Anglo American will invest $200 million as part of a deal to combine its hydrogen truck venture, nuGen Zero Emissions Haulage Solution (ZEHS), with specialist engineering technology company First Mode.
Upon completion of the deal, Anglo will hold a controlling stake in First Mode.
US markets are down, with the S&P 500 closing 0.2% lower and the Nasdaq declining by 0.5%.
The Nikkei 225 is down in early morning trade, decreasing by 0.5%, while the Hang Seng index increased by 2.9%.
The CEOs of two of the largest American banks have pointed to an economic slowdown as consumer spending comes under pressure.
Google, Amazon, Microsoft, and Oracle have been awarded a Pentagon cloud deal worth $9 billion.
Here is the biggest news of the day.
- Anglo American invests $200 million to combine its hydrogen truck venture with First Mode. Specialist engineering technology company First Mode partnered with Anglo to develop the nuGen Zero Emissions Haulage Solution (ZEHS), a hydrogen-powered mine haul truck of which a prototype is already operating at its Mogalakwena mine. The new combined business will retain the name First Mode and will prioritize accelerating the development of the nuGen ZEHS. Upon completion of the deal, Anglo will hold a controlling stake in First Mode.
- Big US bank CEOs point to an economic slowdown. The CEOs of two of the largest American banks have noted that consumer spending is slowing down as the FED’s interest rate hikes take effect on the economy. Bank of America CEO Brian Moynihan said that after two years of pandemic-fueled, double-digit growth in Bank of America card volume, “the rate of growth is slowing.” “While retail payments surged 11% so far this year to nearly $4 trillion, that increase obscures a slowdown that began in recent weeks: November spending rose just 5%,” he said. Wells Fargo CEO Charlie Scharf cited shrinking growth in credit-card spending and roughly flat debit card transaction volumes. “There is a slowdown happening, there’s no question about it,” Scharf said. “We are expecting a fairly weak economy throughout the entire year, and hopeful that it’ll be somewhat mild relative to what it could possibly be.”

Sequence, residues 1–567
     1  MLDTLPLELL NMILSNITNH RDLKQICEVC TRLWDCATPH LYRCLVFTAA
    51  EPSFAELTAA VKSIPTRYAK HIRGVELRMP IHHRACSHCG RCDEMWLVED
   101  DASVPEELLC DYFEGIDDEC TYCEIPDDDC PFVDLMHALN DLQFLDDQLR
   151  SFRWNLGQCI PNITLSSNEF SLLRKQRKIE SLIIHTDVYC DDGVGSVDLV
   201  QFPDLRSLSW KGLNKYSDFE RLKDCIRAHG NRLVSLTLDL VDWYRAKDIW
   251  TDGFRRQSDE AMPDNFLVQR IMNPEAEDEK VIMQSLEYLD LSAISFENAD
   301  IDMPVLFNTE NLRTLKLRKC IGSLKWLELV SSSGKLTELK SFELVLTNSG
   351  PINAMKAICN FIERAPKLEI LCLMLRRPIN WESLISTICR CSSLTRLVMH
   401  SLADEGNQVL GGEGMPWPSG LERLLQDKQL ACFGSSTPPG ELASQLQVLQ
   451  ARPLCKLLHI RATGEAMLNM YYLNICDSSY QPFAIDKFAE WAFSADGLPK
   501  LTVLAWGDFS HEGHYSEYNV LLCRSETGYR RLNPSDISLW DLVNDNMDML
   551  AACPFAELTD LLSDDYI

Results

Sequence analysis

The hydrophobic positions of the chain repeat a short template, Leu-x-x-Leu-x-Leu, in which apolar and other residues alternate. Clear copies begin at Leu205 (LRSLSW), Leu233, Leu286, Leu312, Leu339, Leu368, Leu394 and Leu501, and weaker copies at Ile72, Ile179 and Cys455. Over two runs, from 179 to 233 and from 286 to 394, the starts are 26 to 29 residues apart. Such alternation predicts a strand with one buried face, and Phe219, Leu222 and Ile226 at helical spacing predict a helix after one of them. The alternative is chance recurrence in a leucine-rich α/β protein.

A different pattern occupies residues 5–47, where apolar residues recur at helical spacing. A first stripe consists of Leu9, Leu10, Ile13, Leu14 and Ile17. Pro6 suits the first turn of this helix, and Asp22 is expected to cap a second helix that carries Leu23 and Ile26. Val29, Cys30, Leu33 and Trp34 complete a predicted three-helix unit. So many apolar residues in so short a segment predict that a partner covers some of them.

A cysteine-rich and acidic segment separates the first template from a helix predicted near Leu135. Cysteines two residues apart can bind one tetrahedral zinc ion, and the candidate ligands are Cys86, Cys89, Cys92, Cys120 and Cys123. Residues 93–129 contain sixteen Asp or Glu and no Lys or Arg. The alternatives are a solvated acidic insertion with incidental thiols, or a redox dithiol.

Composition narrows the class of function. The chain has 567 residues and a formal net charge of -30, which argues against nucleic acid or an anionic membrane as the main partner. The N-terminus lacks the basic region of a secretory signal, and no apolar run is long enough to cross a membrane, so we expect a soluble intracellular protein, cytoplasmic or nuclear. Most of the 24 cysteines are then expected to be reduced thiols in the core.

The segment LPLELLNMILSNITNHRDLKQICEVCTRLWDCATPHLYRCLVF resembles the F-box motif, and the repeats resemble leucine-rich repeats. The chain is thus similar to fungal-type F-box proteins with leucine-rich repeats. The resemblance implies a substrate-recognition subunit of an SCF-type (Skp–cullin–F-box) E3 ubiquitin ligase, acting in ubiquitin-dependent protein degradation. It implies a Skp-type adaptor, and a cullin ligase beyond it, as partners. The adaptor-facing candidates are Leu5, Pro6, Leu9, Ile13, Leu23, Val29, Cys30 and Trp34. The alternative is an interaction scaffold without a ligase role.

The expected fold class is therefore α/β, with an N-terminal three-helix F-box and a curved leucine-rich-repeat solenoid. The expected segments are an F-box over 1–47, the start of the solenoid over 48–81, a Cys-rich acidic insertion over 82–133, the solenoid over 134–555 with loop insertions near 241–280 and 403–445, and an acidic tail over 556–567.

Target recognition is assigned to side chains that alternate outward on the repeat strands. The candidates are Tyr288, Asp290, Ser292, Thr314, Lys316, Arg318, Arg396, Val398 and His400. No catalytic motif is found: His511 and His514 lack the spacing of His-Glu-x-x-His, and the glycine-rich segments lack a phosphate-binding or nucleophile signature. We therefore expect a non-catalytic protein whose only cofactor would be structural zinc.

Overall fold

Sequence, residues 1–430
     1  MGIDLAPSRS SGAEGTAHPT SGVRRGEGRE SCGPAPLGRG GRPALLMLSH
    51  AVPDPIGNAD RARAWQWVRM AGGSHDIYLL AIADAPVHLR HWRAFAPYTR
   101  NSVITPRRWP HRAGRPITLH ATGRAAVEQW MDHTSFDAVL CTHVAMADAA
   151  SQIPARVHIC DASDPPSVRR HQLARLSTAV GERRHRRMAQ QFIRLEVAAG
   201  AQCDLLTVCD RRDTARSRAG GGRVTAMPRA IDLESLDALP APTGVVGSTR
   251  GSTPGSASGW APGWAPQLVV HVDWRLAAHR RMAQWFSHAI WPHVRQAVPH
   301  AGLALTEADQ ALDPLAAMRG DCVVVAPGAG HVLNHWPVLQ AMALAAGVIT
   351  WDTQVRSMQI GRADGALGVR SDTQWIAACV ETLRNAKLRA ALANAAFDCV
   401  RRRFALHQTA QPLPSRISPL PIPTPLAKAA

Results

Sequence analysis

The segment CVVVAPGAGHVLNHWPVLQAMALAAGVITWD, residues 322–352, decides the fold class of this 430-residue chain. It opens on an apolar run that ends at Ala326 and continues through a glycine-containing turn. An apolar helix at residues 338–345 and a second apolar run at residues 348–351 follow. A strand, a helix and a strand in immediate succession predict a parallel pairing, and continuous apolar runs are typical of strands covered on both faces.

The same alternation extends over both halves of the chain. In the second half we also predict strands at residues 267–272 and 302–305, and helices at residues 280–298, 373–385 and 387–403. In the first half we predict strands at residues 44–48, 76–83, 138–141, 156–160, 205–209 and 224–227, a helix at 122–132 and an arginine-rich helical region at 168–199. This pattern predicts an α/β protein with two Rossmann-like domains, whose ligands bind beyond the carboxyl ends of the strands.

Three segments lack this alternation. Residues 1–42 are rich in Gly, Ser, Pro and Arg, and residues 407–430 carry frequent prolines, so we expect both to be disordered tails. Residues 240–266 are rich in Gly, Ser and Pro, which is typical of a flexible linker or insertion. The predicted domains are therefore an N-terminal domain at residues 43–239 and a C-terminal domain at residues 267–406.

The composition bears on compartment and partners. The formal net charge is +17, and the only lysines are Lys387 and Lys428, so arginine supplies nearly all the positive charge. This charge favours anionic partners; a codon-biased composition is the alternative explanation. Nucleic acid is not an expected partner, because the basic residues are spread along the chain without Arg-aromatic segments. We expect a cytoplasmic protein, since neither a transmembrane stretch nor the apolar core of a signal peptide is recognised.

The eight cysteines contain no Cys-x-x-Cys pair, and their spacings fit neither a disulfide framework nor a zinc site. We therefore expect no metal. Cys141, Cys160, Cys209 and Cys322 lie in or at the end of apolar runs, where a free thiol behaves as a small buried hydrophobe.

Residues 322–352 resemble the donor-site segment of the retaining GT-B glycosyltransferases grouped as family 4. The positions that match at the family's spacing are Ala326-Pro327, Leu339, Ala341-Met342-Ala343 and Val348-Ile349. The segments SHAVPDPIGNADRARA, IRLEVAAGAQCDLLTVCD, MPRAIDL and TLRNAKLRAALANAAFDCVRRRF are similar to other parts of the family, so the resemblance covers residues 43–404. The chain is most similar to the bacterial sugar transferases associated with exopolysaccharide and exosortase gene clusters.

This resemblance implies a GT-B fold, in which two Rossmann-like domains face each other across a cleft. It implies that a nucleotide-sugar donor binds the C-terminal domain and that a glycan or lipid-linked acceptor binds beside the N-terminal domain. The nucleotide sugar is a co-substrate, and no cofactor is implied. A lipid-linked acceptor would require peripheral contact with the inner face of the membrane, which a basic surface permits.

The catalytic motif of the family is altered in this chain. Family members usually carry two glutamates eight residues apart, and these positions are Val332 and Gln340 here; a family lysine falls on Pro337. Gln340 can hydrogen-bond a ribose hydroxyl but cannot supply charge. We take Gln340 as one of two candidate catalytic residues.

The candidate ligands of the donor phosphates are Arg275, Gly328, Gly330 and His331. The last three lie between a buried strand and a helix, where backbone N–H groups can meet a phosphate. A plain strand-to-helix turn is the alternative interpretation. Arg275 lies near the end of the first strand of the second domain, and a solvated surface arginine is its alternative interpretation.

- Google, Amazon, Microsoft, and Oracle are awarded Pentagon cloud deals worth $9 billion. The Joint Warfighting Cloud Capability, or JWCC, aims to rely on multiple providers of remotely operated infrastructure technology instead of being dependent on a single company. A Department of Defense spokesperson commented, “JWCC is a multiple award procurement composed of four contracts with a shared ceiling of $9 Billion.” The outcome of the contract is particularly favourable for Oracle, which is not considered to be in the top tier of companies offering cloud-based computing services.
- Bank of Canada raised rates by 0.5% to 4.25%, the highest level in nearly 15 years. The central bank eliminated the forward guidance it has used since the start of the tightening cycle, dropping language that said rates would have to rise further. “Looking ahead, Governing Council will be considering whether the policy interest rate needs to rise further to bring supply and demand back into balance and return inflation to target,” the bank said in a statement.